E-Fauna BC: Electronic Atlas of the Wildlife of British Columbia

Carcinus maenas (Linnaeus, 1758)
European Green Crab; Joe Rocker; Shore Crab
Family: Portunidae

© Royal BC Museum  Email the photographer   (Photo ID #1758)

E-Fauna BC Static Map
Distribution of Carcinus maenas in British Columbia
Details about map content are available here.

Introduction


The European Green Crab is an introduced species of crab in North America and in British Columbia that is native to the coast of Europe and North Africa (Norway and the British Isles south to Mauritania) but is now found globally ( (Perry 2011). It was first reported on the Pacific Coast of North America in 1989 (Estero Americano estuary, California), and is now found northwards to Lemmens Inlet near Tofino, British Columbia (Perry 2011). It is found in a variety of "marine and estuarine habitats, including habitats with mud, sand, or rock substrates, submerged aquatic vegetation, and emergent marsh", with its presence correlating with the occurrence of invasive marine plant species Spartina alterniflora in Washington (Perry 2011).

This species ranges in size from 6 to 10 cm in carapace width (Perry 2011). A description of this species is provided by Perry (2011, taken from Rathbun 1930): "The carapace is finely granular, about as long as broad with 5 acuminate antero-lateral teeth. Antero-lateral teeth tipped with yellow. Frontal area between orbits with three rounded teeth. Carapace color variable, usually mottled, dark brown to dark green, granules for the most part yellow. Female ground color orange in place of green with whitish granules. Claws similar with small black spots arranged longitudinally on palm. Fingers and adjacent portion of palm light blue with black stripes in grooves. Walking legs green, speckled with black. Second and third pair of walking legs longest and about 1and 2/3 times the length of the carapace; fourth pair of legs shorter than the first. Last pair of legs somewhat flattened and with setae."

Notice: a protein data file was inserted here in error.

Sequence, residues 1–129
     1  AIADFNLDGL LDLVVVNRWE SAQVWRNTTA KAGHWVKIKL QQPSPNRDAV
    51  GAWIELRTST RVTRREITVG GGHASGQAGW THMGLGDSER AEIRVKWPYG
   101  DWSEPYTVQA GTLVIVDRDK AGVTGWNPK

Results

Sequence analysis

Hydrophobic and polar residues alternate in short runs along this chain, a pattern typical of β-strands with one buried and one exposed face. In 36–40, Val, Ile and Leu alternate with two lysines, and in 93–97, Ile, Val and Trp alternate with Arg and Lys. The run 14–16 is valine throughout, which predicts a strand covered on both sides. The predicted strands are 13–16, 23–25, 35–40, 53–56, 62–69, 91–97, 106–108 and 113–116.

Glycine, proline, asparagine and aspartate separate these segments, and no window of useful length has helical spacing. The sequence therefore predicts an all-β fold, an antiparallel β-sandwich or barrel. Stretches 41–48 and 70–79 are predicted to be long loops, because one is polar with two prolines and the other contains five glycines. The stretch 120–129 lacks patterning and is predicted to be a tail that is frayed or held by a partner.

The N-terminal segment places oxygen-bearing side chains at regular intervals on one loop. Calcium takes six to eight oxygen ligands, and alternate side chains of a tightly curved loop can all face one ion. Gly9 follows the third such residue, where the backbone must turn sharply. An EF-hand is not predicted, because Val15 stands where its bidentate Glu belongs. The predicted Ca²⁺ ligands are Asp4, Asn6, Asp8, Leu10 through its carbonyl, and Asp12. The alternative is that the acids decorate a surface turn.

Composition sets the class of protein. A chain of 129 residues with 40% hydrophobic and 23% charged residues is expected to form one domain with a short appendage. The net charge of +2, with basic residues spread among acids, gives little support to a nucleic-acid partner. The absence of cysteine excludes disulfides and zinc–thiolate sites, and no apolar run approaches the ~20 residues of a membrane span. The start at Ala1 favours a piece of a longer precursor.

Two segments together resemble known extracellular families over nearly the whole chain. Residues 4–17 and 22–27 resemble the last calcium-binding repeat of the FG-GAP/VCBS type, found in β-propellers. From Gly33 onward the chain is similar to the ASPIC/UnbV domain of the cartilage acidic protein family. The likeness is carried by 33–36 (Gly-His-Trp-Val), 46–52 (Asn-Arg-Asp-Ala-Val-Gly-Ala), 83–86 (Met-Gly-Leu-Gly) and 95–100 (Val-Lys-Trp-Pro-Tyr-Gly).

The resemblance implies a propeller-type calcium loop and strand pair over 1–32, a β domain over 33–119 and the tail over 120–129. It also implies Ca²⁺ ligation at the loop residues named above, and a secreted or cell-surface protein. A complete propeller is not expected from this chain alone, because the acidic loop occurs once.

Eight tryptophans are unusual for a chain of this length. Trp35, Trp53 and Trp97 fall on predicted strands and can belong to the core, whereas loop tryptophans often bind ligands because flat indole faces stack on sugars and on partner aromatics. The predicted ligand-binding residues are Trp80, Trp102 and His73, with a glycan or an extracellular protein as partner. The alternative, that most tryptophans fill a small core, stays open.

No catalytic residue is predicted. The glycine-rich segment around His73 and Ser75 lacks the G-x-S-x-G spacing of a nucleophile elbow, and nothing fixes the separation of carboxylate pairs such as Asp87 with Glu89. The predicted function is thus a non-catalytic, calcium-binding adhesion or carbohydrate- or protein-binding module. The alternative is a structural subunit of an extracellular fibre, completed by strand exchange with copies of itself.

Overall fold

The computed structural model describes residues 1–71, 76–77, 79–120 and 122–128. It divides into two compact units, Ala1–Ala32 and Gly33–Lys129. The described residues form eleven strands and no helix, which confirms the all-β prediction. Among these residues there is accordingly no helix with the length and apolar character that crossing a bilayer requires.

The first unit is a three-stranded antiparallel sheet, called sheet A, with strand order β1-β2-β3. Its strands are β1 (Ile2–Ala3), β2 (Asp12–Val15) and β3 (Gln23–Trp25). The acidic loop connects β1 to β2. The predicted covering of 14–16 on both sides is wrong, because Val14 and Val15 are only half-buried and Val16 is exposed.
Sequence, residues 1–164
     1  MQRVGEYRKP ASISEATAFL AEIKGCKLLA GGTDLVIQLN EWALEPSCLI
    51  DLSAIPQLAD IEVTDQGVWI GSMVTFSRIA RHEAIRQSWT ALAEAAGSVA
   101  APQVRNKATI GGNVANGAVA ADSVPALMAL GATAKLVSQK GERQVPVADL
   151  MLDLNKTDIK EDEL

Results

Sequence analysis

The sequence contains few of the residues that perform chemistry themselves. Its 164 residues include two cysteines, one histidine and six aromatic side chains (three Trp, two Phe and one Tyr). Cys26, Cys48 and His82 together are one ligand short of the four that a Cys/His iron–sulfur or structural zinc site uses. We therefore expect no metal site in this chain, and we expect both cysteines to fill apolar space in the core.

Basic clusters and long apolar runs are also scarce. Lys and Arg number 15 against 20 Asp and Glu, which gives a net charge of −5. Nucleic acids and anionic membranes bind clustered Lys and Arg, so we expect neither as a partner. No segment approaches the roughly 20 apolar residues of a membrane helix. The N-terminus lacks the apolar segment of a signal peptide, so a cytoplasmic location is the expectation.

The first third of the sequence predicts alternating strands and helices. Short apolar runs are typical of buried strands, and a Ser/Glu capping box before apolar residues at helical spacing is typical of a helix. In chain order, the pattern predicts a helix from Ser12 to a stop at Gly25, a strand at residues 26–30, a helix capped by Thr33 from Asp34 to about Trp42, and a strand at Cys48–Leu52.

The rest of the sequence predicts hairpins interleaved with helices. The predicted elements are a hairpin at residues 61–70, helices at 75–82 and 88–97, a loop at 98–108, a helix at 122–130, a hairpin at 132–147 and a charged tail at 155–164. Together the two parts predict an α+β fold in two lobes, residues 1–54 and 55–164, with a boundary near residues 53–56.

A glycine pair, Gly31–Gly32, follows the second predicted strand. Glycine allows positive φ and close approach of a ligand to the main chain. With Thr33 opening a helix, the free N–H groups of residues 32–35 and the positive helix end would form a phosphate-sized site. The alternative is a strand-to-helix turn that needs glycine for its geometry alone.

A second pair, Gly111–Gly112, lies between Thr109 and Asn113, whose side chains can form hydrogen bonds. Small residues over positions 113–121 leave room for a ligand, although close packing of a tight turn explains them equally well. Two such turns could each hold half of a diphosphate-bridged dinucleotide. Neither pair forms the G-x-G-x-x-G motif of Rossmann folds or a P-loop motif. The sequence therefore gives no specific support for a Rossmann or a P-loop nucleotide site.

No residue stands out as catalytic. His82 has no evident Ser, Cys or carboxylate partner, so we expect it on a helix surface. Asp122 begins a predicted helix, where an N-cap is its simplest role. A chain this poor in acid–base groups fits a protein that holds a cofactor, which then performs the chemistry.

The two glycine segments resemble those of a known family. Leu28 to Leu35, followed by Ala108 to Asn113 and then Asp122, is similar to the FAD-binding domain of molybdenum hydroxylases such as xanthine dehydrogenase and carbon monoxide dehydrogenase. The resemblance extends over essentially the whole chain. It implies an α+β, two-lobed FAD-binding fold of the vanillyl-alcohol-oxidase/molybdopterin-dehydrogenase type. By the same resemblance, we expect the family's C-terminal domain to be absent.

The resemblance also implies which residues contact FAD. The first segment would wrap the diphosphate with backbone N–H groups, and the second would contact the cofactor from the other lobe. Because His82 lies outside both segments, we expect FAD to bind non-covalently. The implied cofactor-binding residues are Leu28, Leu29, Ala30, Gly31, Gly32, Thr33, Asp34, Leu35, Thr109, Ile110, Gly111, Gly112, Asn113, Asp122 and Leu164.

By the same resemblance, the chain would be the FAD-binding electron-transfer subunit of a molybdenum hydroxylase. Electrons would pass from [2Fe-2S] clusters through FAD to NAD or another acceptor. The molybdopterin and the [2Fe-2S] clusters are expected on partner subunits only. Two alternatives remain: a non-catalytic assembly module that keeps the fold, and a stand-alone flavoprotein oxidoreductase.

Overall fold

Read the Global Invasive Species Database page on this species.

Read more about this species here.

Read a journal paper about this species: Asymmetric dispersal allows an upstream region to control population structure throughout a species’ range.

Status Information

Origin StatusProvincial StatusBC List
(Red Blue List)
COSEWIC
UnlistedUnlistedUnlistedUnlisted
BC Ministry of Environment: BC Species and Ecosystems Explorer--the authoritative source for conservation information in British Columbia.

Additional Photo Sources

Species References

Harriet Perry. 2011. Carcinus maenas. USGS Nonindigenous Aquatic Species Database, Gainesville, FL. Available online.

Pringle, James M, April M. H. Blakeslee, James E. Byers, and Joe Roman. Asymmetric dispersal allows an upstream region to control population structure throughout a species’ range. Proceedings of the National Academy of Sciences (PNAS) PNAS Early Edition. Available online.

General References


Recommended citation: Author, Date. Page title. In Klinkenberg, Brian. (Editor) 2019. E-Fauna BC: Electronic Atlas of the Fauna of British Columbia [efauna.bc.ca]. Lab for Advanced Spatial Analysis, Department of Geography, University of British Columbia, Vancouver. [Accessed: 18/11/2019 4:22:29 PM]
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